Valerie Milne is a Researcher in New Plymouth; she has been key in advising Arthritis New Zealand to develop and input a peer support programme for the newly diagnosed.

“I have had Rheumatoid Arthritis since 2001. Before then I knew nothing about RA, what the symptoms were and how it would affect my life. It took several years to stabilise on a DMARD and the problems in my hands and wrists meant I had to resign from my job. Damage in my wrist is a reminder of those days. Now, with good management and constantly improving treatments joint damage and disability is no longer something I fear.”

Valeries says that a key factor in achieving the best possible outcomes for a person with RA is early access to Rheumatology care. Knowing that her own diagnosis was delayed due to her lack of awareness of RA, once her condition stabilised, she decided to get a better understanding of how the early stages of Inflammatory Arthritis affected people’s pathways to treatment.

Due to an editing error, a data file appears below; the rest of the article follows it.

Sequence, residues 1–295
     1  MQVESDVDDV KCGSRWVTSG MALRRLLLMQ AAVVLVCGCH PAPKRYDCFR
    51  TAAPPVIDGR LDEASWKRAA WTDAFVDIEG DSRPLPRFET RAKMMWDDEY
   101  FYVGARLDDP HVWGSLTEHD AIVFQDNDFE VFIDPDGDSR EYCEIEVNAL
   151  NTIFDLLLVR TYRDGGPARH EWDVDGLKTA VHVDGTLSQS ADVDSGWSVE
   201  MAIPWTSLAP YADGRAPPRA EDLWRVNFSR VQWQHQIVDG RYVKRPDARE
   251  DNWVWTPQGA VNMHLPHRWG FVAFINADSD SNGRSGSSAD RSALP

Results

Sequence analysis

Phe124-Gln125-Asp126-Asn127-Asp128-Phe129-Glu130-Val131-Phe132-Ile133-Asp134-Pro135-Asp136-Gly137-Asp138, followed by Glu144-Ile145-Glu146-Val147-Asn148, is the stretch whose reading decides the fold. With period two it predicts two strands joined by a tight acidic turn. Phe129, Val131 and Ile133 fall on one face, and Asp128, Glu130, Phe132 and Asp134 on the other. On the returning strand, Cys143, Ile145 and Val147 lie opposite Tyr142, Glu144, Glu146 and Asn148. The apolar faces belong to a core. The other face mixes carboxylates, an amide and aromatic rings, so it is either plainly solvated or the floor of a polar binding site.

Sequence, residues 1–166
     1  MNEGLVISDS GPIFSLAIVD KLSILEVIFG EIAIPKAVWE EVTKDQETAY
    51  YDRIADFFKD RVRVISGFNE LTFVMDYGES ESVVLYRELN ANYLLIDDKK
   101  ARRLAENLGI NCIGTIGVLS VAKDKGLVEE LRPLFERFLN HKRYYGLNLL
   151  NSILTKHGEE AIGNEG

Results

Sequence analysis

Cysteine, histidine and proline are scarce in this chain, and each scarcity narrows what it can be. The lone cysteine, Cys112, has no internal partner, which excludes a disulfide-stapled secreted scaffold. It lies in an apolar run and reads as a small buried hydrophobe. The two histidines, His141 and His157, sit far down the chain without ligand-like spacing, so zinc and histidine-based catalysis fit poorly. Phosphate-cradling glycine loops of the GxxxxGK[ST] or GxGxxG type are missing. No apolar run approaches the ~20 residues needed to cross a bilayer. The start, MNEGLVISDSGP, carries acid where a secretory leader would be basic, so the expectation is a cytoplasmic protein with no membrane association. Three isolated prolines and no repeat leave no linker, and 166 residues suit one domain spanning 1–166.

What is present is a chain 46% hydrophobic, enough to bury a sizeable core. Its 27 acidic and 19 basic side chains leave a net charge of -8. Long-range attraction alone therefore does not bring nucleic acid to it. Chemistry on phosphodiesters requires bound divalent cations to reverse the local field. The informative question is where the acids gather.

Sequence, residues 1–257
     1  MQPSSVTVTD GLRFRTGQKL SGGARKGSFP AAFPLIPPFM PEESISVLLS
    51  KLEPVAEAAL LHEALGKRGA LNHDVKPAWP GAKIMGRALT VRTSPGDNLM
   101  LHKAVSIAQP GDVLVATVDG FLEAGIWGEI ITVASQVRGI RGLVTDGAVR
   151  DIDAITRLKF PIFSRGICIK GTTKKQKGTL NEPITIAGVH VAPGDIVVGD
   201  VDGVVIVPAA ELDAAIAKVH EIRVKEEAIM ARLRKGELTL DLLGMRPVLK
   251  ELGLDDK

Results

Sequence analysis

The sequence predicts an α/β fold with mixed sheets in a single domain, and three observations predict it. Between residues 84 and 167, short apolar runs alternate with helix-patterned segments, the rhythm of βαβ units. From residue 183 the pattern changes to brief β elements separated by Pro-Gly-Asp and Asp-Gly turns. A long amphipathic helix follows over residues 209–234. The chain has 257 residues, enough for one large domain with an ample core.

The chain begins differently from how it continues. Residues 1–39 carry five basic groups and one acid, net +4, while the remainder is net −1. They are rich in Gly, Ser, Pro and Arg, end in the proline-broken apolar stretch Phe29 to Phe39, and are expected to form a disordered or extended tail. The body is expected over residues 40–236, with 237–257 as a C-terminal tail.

“Signing up to university also provided the opportunity work at my own pace and to manage tasks in ways that meant I was not overusing sore joints. The research results tell the stories of patients’ experiences of accessing rheumatology care after symptoms appeared. Factors they spoke of range from beliefs about the cause of symptoms to the availability of social support, work commitments, transport and the cost of medical care.

The most important health system barriers to timely first specialist assessments were referral delays from the GP and too few rheumatologists to manage the patient workload. Currently I have a special interest in resources for newly diagnosed women who have work commitments and care around pregnancy and early mothering.”

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